At Mula-Ram confluence, the team documented a new record of a freshwater gastropod (Pettancylus tenuis) for the Pune region and the findings published in the note titled 'First report of the freshwater gastropod Pettancylus tenuis (Bourguignat, 1862) (Gastropoda, Planorbidae) from Pune region, India' authored by Yugandhar Shinde, Shailaja Deshpande, Kirti Amritkar, Sameer Padhye and Chitra Vanjare in the journal Check List.
At Vitthalwadi, a freshwater rotifer from the genus Lecane (Nitzsch, 1827) was found for the first time from Maharashtra!.
Many a times, desilting of water bodies is carried out without consideration for many of these microscopic lifeforms that play an important role in maintaining the ecology of the river.This results in a drastic loss of biodiversity. These microscopic /small animals however form the base of the aquatic food chain and play a vital role in maintaining the ecological balance. Once disturbed, it becomes difficult to revive the ecosystem and establish them again in the ecosystem.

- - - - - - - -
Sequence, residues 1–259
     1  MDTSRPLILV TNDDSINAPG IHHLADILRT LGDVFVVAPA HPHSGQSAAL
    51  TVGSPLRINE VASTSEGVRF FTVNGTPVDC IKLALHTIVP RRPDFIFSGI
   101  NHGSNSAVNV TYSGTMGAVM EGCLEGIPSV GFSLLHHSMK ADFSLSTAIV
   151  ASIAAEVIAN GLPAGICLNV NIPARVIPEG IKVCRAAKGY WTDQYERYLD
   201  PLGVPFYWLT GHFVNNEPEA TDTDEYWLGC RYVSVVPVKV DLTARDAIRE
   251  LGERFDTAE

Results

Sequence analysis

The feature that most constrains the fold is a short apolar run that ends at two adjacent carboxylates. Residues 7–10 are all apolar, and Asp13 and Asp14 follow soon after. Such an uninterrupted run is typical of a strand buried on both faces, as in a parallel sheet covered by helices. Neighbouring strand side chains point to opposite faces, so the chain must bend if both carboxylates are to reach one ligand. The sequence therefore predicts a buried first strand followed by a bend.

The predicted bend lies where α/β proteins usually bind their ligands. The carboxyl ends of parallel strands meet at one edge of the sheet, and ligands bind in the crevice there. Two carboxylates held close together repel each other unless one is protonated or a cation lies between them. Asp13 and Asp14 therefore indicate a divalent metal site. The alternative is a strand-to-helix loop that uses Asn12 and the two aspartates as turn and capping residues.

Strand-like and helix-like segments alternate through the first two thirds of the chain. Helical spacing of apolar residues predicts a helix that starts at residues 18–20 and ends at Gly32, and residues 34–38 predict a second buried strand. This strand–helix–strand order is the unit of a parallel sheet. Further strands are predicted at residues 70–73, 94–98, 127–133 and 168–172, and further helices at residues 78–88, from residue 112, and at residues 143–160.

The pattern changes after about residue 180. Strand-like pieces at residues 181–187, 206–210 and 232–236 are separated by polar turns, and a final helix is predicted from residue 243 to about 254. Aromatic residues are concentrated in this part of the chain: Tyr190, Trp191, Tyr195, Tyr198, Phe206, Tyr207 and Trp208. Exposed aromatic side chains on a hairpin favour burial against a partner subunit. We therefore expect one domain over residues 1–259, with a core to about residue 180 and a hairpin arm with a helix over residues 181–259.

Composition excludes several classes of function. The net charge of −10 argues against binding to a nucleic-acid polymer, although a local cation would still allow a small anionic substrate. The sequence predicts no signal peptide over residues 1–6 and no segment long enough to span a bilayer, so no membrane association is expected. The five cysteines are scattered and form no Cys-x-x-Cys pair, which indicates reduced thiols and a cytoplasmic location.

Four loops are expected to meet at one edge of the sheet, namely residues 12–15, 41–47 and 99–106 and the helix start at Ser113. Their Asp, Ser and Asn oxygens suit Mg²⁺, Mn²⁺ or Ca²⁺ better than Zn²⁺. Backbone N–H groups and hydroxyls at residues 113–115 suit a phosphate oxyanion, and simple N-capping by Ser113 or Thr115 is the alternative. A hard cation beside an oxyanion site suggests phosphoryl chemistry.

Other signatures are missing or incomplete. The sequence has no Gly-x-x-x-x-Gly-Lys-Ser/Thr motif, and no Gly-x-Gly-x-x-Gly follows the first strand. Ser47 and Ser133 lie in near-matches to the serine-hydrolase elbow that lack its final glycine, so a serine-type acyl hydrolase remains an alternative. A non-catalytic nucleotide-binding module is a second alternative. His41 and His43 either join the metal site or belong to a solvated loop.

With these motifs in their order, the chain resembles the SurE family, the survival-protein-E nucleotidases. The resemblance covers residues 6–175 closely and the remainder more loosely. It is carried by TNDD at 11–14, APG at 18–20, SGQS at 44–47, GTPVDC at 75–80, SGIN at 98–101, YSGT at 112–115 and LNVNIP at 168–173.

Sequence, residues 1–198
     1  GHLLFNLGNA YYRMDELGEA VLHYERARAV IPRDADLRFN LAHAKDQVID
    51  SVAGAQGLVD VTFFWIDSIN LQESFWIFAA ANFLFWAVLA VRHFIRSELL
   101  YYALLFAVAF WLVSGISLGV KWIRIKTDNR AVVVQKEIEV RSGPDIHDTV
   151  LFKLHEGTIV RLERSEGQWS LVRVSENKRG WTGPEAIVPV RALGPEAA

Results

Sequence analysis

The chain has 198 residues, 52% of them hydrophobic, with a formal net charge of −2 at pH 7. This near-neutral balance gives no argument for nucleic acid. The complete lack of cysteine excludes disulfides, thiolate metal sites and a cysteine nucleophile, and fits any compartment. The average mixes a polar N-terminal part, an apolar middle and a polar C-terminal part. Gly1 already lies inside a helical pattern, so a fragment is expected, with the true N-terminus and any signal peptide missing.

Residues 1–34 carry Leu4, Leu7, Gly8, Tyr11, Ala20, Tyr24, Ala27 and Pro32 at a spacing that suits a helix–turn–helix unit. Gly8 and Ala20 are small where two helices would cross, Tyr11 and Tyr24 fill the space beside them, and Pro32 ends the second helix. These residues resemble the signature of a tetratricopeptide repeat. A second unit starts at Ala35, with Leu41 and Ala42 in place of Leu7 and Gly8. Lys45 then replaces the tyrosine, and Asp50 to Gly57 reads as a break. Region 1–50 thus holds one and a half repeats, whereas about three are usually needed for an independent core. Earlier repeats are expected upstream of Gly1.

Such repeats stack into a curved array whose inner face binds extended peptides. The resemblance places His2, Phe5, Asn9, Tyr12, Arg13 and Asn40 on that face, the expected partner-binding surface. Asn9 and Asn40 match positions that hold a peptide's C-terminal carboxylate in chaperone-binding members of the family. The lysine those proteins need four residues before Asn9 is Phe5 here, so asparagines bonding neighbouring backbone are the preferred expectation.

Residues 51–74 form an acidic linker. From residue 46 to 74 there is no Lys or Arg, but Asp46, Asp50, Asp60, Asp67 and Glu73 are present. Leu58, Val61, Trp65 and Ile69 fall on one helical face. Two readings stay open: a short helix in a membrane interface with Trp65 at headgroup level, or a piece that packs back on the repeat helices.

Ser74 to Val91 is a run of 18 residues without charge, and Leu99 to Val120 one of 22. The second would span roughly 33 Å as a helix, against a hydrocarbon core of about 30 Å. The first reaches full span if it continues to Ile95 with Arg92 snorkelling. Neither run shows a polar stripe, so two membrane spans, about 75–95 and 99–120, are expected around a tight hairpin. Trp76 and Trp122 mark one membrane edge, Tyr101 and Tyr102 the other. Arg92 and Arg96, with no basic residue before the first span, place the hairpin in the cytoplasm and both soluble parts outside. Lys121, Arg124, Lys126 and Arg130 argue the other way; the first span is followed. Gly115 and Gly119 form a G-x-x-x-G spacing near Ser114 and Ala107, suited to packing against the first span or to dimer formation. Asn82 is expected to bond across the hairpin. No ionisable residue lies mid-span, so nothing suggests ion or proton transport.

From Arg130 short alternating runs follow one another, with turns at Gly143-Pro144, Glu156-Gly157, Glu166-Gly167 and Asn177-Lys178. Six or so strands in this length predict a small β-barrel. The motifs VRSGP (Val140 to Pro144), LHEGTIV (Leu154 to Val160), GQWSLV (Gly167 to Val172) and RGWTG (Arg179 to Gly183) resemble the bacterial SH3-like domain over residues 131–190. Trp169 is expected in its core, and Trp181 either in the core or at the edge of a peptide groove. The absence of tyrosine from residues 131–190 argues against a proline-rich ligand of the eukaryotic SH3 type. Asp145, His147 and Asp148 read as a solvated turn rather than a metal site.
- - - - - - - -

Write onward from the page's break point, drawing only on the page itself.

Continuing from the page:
Studies such as these can be vital for future protection and conservation of waterbodies such as rivers.
Kirti Wani is the Founder Director, Jeevitnadi Living River Foundation, Pune, Maharashtra, India.
Dr Sameer Padhye is associated with Biologia Life Science LLP, Ahmednagar, Maharashtra, India.
The authors acknowledge Dr Chitra Vanjare, Dr Yugandhar Shinde, Dr Avinash Vanjare, Shailaja Deshpande and Aditi Deodhar in conceptualisation of the work, data collection and writing of the note. Authors also thank Adish Barve, Shubha Kulkarni, Sanjeev Naik, and Prashant Ingale for their help with the field work. Authors acknowledge Professor Hemant Ghate for providing the literature for identification of gastropods and Dr Shruti Paripatyadar for her help in the identification of aquatic bugs and beetles.